LW 252 Tower (Ireland) – Pics

Some shots of the 252Khz Longwave transmission tower in Co. Meath, Republic of Ireland, currently broadcasting RTE but originally erected for Atlantic 252.  Pictures taken Sunday 17th March 2013.

You can click on any picture for the high-res version. This is the tower as seen in the landscape of Co. Meath. It is actually a better shot than the close-up ones, as there are so many obstructions of the view from the roadway closest to the site.

You can click on any picture for the high-res version. This is the tower as seen in the landscape of Co. Meath. It is actually a better shot than the close-up ones, as there are so many obstructions of the view from the roadway closest to the site.

I don’t normally go out of my way to photograph broadcast sites – I usually prefer to think and talk about the content rather than the technology – but a friend in the UK asked me for some pictures, and as I was walking in a forest only about 20km away today I thought “why not?”.

The base of the tower. Thiswas taken through a wire mesh fence, and a small gap in the trees, so only possible to get one part of the tower at a time in shot.

The base of the tower. This was taken through a wire mesh fence, and a small gap in the trees, so only possible to get one part of the tower at a time in shot.

The upper sections vanishing into the mist. It is planned to paint the top 84m of this tower red and white, and to replace the current warning lights with ones of lower intensity.

The upper sections vanishing into the mist. It is planned to paint the top 84m of this tower red and white, and to replace the current warning lights with ones of lower intensity.

Planning application notice on site for retention of modifications, also revised colour scheme and lighting.

Planning application notice on site for retention of modifications, also revised colour scheme and lighting.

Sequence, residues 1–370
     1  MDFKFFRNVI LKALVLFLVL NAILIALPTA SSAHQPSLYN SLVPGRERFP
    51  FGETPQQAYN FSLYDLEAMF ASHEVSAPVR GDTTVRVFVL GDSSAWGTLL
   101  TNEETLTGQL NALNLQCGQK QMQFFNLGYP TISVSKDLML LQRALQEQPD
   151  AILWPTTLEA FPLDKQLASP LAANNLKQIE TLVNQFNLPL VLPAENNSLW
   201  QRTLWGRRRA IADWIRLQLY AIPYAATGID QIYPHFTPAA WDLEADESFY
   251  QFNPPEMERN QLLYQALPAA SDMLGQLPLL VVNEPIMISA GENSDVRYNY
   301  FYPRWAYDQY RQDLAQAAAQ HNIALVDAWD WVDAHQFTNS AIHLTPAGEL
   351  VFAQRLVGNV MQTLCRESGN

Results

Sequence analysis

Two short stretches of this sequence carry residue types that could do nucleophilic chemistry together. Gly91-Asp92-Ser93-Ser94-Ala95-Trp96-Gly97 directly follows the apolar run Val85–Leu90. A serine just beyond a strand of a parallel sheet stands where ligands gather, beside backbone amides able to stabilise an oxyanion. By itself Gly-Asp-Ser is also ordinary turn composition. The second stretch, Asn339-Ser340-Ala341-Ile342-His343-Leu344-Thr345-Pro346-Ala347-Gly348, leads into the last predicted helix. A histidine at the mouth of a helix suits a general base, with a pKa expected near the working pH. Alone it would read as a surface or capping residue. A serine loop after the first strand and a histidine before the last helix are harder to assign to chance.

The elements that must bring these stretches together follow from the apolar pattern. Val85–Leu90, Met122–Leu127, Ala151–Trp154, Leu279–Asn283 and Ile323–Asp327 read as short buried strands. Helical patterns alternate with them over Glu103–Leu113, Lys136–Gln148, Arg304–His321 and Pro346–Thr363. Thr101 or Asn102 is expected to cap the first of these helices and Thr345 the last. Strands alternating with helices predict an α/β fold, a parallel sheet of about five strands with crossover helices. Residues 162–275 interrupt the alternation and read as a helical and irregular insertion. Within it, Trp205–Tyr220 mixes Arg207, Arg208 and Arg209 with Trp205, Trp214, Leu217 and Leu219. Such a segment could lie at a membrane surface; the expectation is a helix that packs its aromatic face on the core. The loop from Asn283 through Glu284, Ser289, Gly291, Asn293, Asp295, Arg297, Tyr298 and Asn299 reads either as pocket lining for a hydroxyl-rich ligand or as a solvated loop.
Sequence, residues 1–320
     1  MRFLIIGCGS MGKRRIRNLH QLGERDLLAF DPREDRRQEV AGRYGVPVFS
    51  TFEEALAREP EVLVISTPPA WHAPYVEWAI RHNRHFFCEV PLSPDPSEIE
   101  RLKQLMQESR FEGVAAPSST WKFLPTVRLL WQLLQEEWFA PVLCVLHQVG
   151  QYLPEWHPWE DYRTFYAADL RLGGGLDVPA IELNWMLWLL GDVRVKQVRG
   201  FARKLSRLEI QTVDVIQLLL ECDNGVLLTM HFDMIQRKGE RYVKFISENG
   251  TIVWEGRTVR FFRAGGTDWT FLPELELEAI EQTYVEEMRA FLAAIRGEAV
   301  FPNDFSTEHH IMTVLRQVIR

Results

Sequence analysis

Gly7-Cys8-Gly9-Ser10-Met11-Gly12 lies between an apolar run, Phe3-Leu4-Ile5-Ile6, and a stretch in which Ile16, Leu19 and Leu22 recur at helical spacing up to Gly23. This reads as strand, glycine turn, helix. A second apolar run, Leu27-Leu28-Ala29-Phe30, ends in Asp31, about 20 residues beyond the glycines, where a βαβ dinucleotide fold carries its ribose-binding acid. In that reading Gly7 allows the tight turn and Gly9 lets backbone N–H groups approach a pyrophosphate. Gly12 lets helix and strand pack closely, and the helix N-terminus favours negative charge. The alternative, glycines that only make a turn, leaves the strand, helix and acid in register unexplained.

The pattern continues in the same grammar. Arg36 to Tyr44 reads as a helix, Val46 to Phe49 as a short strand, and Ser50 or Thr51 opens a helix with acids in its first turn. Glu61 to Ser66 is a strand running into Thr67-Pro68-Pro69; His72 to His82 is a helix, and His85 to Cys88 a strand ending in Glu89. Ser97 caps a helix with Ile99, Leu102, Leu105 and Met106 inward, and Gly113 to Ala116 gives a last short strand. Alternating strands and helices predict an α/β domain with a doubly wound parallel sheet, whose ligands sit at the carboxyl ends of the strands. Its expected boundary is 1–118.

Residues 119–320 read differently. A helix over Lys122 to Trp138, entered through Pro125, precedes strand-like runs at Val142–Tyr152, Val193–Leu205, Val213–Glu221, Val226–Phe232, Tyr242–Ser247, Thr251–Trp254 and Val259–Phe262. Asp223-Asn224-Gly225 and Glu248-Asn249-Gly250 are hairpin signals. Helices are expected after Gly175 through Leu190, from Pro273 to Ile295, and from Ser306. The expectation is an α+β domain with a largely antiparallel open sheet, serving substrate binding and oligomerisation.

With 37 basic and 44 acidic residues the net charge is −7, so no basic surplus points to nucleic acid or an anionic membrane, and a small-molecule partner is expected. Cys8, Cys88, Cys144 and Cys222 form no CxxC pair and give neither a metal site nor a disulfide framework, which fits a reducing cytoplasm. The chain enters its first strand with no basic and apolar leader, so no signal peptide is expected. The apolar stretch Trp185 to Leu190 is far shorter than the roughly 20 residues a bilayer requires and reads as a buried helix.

If you are a motorist . . or a terrorist . . be warned!

If you are a motorist . . or a terrorist . . be warned!

When I last passed here about 15 years ago, it was very easy to see into the site, but the boundary trees planted around the tower have all grown up now.

When I last passed here about 15 years ago, it was very easy to see into the site, but the boundary trees planted around the tower have all grown up now.

So there you have it, 252 site on a typically misty St. Patricks Day.

Steve

 

 


1395 tests reach Ireland in final week

Have a listen to the tests of the custom-built AM valve transmitter on board the Radio Seagull ship in Harlingen, Netherlands, as picked up more than 300 miles away in Co. Kildare, Ireland

1395-in-Kildare (mp3 file)

I reported during the summer on the construction of a custom built, old-style valve transmitter for high-power AM on board the Radio Seagull ship, the Jenni Baynton, located near Harlingen, in the northern Holland.   For the last 6 weeks this transmitter has been in use, performing authorised tests on the 1395AM frequency, which is licenced to a different operator. During these tests Radio Seagull has been relayed, and they come to a close after this weekend (14th November 2011) after which Seagull will continue to be heard on its own frequency 1602Khz and online worldwide.

For the last week, the transmitter has been operating on a higher power setting, and in addition to providing coverage throughout The Netherlands (the intended coverage area) it has been possible to listen much further afield, the signal reaching many parts of the UK, and latterly Ireland.

Click on the link below to hear a short (1 minute) sample of reception on an ordinary car radio, at Monestrevin, Co. Kildare, at around 5.45pm on Monday 7th November.  This recording was made simply by using to “voice memo” function on my mobile phone to record the sound inside the car, so the original reception quality is even better.

1395-in-Kildare (mp3 file)

Not a bad reach for a hand-built rig on a little lightship.  Kudos to Walter, Colin, Sietse and the the onboard engineering staff on the Jenni Baynton.

Steve


Lovingly Crafted New (Old) AM Transmitter

OK, this one is for the more technically minded radio enthusiasts.

Out here on board the former lightship Jenni Baynton, our engineer Walter Gralle has been building a copy of one of the old-fashioned high-power AM transmitters as used on the offshore stations of the past. This is similar, apparently, to a transmitter used on the Caroline ship Mi Amigo in the 60s.

Below are some photos of this magnificent piece of valve- driven transmitting equipment, which is nearing completion.

Enjoy!

Steve

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